While complainants under the Health Professions Act have a clear right to apply for reviews of Inquiry Committee decisions, the position of complainants under other statutes will depend on the wording of the enactment.
For example, a complainant under the former Dentists Act was deemed to have a right of appeal as “a person aggrieved” in Allen v. College of Dental Surgeons of British Columbia, 2007 BCCA 75. Where, however, an engineer filed a complaint against another engineer and APEG’s Investigation Committee declined to recommend the complaint proceed, the complainant was found to lack standing to seek judicial review of the decision in Emerman v. Association of Professional Engineers and Geoscientists of British Columbia, 2008 BCSC 1186. The court reasoned that absent an interest conferred by statute, “the courts have generally found that a complainant does not have an interest in the proceeding.” The court found further that the governing statute did not provide any right of appeal to a complainant concerning any decision of the Investigation Committee.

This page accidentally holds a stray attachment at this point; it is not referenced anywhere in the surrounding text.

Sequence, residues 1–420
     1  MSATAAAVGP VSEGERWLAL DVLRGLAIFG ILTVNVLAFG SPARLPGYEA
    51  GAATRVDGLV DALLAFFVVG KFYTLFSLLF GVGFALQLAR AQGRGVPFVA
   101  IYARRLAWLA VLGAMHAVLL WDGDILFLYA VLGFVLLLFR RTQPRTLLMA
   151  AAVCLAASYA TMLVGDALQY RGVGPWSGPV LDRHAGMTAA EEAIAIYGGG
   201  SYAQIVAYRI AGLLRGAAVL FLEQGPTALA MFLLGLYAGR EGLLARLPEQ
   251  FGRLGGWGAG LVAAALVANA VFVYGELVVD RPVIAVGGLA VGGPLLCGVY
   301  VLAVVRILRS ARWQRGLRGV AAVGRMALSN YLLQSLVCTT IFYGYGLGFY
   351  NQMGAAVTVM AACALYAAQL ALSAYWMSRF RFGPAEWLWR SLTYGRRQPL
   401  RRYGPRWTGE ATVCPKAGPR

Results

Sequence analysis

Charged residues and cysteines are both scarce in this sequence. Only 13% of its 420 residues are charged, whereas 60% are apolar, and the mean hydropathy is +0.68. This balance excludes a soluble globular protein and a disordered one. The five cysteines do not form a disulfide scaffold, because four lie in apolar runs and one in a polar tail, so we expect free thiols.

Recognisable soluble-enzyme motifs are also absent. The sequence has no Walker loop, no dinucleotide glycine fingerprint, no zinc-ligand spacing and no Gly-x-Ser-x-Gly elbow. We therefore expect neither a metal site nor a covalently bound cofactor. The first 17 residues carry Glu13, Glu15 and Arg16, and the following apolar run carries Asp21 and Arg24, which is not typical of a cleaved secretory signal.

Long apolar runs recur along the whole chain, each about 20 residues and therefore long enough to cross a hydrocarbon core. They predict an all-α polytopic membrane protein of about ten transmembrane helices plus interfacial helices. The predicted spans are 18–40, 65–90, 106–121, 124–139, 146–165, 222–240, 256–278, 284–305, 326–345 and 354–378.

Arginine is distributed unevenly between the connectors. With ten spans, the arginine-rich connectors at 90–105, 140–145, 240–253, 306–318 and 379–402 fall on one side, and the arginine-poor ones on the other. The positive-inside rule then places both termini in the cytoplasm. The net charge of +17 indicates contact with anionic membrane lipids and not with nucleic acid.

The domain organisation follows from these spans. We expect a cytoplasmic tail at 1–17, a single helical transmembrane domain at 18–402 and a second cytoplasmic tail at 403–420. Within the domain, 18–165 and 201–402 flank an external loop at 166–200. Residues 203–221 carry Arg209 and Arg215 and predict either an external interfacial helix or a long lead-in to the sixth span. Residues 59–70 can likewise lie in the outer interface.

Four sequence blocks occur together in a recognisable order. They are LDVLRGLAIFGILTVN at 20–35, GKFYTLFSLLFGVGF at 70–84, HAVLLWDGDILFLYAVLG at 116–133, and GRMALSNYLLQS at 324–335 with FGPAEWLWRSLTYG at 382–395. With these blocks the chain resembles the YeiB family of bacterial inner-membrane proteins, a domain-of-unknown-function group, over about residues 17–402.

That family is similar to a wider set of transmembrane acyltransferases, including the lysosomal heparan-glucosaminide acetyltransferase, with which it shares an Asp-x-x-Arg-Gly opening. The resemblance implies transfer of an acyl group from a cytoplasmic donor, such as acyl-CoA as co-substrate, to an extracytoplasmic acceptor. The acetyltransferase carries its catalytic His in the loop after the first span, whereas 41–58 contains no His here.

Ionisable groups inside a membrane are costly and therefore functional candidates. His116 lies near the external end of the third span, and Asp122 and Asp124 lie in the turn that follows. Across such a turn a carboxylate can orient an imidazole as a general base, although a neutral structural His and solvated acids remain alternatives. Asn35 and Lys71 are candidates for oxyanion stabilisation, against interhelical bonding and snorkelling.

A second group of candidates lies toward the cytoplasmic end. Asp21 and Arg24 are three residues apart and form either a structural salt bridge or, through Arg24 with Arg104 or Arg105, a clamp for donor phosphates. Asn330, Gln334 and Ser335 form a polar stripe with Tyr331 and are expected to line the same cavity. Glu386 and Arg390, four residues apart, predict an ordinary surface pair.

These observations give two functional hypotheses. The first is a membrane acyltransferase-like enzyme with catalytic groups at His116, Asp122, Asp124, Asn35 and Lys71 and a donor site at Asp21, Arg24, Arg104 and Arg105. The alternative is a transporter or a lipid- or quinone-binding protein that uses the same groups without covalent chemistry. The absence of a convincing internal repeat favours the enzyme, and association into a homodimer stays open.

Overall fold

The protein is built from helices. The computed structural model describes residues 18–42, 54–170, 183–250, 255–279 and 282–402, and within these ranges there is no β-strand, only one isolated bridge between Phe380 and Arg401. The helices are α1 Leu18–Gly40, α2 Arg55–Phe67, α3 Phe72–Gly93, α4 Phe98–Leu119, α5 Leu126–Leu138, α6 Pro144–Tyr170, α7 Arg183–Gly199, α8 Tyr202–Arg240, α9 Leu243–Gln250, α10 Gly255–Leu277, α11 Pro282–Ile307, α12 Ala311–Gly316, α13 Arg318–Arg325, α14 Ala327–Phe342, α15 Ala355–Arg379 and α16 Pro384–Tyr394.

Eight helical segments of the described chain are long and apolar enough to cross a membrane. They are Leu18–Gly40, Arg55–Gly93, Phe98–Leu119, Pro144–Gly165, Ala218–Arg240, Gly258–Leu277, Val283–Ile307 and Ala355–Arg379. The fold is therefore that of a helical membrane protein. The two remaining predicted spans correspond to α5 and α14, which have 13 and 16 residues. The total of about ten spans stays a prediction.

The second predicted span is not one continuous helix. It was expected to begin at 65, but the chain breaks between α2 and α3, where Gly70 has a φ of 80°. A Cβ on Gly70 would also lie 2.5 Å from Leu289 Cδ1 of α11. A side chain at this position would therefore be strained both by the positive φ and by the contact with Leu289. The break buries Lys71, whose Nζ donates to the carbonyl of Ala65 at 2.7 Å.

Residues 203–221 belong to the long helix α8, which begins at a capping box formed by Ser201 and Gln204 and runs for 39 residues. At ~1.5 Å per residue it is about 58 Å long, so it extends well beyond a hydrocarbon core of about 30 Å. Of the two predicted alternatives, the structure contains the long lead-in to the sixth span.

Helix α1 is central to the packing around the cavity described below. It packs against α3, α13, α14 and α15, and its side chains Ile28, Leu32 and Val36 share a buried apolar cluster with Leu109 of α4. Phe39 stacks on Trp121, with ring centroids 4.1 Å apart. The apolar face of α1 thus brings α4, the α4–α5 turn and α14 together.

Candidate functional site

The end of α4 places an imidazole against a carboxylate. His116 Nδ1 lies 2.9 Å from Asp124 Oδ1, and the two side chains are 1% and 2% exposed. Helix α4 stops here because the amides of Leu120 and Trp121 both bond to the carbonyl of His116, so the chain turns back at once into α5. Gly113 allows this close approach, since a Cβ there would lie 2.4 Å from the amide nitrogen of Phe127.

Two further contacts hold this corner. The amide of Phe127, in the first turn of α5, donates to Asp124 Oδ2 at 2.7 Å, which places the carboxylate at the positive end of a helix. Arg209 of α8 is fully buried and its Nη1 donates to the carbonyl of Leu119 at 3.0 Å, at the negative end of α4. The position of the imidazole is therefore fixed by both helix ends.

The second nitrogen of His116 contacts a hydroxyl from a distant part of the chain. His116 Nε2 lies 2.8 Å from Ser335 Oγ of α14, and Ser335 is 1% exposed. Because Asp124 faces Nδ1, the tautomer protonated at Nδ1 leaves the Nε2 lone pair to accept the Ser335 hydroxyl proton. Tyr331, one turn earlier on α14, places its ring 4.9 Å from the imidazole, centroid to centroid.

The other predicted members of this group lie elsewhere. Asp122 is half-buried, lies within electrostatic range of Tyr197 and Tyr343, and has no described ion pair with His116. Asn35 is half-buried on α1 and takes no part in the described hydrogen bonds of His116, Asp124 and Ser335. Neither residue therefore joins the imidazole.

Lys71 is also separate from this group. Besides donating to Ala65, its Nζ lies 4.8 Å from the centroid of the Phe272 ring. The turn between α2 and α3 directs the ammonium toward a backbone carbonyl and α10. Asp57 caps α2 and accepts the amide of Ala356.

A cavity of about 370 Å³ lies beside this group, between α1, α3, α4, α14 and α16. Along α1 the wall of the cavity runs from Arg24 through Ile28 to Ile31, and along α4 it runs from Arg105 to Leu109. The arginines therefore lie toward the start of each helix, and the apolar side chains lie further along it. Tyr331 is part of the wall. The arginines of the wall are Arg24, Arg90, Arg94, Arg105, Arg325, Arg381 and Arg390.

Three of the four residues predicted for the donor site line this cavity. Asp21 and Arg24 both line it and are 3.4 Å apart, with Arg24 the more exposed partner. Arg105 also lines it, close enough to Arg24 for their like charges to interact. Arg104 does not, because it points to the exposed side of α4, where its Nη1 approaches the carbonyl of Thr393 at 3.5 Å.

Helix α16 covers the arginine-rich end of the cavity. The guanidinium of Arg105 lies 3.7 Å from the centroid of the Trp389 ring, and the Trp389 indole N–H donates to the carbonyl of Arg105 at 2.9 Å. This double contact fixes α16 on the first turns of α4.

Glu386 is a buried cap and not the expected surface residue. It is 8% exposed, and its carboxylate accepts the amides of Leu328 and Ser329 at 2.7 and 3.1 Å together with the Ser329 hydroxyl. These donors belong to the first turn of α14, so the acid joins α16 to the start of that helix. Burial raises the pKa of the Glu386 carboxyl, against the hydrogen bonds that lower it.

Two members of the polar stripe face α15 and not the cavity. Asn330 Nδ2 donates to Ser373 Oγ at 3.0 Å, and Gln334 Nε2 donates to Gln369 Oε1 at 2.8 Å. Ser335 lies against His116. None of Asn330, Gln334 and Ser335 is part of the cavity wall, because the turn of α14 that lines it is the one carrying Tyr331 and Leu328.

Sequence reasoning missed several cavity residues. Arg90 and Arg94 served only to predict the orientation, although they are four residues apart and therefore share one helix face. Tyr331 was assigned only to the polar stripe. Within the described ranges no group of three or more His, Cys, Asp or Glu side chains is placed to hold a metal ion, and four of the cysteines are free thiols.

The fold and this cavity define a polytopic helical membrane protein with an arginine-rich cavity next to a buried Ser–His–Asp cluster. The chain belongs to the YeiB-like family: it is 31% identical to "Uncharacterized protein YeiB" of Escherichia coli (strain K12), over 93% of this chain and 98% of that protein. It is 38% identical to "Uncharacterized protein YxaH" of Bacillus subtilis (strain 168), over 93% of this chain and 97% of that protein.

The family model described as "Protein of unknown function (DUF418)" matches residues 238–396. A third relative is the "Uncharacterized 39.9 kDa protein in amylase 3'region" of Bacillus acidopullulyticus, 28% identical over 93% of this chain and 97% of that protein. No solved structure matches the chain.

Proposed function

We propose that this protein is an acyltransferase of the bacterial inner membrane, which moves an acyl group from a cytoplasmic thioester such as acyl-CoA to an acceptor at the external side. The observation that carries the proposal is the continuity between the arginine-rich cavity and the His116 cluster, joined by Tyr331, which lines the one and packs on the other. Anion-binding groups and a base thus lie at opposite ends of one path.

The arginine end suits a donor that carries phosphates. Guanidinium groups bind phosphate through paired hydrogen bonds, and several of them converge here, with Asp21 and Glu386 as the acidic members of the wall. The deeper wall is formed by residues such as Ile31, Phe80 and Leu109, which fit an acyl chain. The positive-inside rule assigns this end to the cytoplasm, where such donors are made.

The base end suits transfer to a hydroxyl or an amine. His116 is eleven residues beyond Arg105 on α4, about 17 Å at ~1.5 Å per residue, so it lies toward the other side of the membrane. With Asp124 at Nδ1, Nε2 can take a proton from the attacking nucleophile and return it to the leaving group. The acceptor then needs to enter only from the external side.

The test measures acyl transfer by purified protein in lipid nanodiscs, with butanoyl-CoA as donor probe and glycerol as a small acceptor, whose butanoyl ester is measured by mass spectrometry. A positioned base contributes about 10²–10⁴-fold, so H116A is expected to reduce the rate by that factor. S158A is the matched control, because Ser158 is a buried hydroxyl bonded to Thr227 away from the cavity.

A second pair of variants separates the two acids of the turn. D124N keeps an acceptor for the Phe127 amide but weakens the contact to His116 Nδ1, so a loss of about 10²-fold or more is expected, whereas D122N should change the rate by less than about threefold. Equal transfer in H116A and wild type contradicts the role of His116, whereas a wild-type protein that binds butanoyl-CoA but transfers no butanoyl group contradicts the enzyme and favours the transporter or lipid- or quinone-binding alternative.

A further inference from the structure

Emerman v. Association of Professional Engineers and Geoscientists of British Columbia, 2008 BCSC 1186.